Posted by: Marshall Sponder | February 21, 2008

Measuring Engagement using physiological responses to media

Four or five years ago I was fascinated with Wild Divine because there was an interactive game with interesting graphics that was influenced by your physiological state – doors would open or close based on when you were “ready” or calm, or excited.   The game has several levels but it’s limitation was the mystical vision of the company which ended up serving as a advert for  Deepak Chopra, Dean Ornish and Dr. Andrew Weil, especially Deepak Chopra, who is featured in the game.

What Wild Divine could have been, was much more, because they had created an easy to deploy biofeedback device and it’s associated drivers that could measure engagement.  Yes, wireless (Bluetooth) connectivity would help – but the cheesy game, and the lack of a community that was allowed to build additional stages and levels of the game, is what did Wild Divine in for me.

There’s no reason why Wild Divine could not have been played over the internet with the same devices but more real interactivity.

And that brings me to what this post is about – Measuring engagement directly (which I read in The Net-Savvy Executive) proposed that companies are measuring customer engagement in ways that are very similar, but not as interesting, as the way Wild Divine does it.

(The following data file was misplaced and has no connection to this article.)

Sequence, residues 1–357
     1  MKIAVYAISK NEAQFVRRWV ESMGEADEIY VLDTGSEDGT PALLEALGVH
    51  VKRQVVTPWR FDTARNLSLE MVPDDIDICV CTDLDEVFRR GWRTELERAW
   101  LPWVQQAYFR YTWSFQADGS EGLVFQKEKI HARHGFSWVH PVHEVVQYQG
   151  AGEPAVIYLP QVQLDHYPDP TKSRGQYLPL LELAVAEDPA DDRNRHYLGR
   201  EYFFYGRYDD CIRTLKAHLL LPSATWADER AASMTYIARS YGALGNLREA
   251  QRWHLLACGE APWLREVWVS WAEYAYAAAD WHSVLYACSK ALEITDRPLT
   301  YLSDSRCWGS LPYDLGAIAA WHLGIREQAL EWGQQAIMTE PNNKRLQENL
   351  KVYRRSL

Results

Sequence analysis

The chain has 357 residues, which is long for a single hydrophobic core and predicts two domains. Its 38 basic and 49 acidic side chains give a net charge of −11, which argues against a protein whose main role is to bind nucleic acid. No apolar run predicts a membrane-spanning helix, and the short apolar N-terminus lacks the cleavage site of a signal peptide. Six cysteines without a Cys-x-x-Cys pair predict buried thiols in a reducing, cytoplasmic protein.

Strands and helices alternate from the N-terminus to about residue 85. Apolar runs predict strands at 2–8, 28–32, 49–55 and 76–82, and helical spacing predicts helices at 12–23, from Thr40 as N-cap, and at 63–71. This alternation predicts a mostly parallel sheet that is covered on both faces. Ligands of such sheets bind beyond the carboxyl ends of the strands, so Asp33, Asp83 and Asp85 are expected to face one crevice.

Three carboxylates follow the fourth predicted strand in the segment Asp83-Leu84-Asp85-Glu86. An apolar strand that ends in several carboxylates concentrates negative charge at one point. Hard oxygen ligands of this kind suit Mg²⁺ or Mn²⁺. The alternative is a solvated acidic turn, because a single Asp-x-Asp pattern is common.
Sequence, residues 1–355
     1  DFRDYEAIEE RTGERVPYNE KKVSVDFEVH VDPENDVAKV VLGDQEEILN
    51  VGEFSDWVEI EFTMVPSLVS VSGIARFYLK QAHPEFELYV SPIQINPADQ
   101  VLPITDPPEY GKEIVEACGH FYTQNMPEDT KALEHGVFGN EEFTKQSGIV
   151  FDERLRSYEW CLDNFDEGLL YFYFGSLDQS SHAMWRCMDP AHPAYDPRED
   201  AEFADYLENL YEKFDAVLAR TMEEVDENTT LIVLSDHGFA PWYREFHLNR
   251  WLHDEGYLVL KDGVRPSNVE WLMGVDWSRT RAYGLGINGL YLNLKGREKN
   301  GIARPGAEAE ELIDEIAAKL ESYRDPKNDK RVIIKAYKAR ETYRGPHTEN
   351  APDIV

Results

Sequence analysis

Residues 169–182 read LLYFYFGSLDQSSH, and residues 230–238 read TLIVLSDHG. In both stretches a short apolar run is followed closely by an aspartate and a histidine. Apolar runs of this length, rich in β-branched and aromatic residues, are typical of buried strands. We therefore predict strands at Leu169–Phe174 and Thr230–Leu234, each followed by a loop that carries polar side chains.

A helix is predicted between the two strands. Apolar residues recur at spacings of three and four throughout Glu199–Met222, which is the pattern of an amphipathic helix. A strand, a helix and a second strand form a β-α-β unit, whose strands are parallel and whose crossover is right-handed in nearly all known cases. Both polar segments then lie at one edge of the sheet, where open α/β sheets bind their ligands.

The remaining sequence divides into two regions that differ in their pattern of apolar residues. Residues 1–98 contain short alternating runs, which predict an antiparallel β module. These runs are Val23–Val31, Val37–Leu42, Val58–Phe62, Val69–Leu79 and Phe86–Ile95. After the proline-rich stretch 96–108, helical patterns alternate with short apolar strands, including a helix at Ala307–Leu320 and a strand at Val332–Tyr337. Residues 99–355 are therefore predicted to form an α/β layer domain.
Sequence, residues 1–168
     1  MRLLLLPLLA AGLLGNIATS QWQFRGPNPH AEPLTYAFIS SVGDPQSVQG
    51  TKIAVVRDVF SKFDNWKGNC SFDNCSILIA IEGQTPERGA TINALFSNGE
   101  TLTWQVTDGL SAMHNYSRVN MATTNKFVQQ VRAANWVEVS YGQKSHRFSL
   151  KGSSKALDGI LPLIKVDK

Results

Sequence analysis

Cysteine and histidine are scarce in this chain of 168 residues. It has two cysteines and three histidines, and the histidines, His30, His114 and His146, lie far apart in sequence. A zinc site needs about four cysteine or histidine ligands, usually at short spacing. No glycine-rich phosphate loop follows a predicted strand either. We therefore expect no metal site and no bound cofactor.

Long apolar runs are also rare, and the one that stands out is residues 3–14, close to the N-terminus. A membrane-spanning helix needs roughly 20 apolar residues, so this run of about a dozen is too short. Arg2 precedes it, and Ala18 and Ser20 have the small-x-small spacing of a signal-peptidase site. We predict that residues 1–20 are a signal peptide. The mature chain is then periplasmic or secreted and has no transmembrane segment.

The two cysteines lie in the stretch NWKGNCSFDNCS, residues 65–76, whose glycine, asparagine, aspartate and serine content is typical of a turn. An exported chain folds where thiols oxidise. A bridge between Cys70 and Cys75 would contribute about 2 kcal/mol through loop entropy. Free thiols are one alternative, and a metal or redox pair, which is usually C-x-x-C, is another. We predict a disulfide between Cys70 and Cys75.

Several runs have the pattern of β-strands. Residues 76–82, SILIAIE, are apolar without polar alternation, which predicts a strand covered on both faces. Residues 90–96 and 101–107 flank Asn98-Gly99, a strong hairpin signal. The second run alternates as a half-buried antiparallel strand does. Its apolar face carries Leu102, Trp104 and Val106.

“…. Innerscope Research goes back to the original definition by observing physiological responses to media. They connect test audiences to biometric sensors that measure respiration, motion, heart rate and skin conductance, with eye-tracking to track attention.

Once the test subject is suited up, Innerscope can observe what the subject is watching and the subject’s response. Physiological responses are faster and more accurate than conscious answers, and the metering supports an analysis across the duration of the media exposure. The basic logic is simple: if the content makes you sweat or raises your pulse, you’re engaged.

Attention + Intensity = Engagement

Innerscope has run experiments with both TV ads and viral videos. While the engagement vest isn’t going to become standard attire for media consumers, it does suggest a possible test for competing definitions based on more convenient data sources.”

Maybe the only addition would be Eye Tracking – Innerscope uses it, Wild Divine doesn’t.

In other words, if you really want to measure engagement, you can, a physical state.

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Responses

  1. To more fully appreciate the theoretical underpinnings of using physiologic biomarkers to measure engagement, I recommend that you peruse The Emotional Brain: The Mysterious Underpinnings of Emotional Life by Joseph LeDoux and Descartes’ Error: Emotion, Reason, and the Human Brain by Antonio R. Damasio. Also, please note that Innerscope uses a suite or array of sensors which unobtrusively measure more than just subtle, otherwise imperceptible, changes in sweat and pulse rate.


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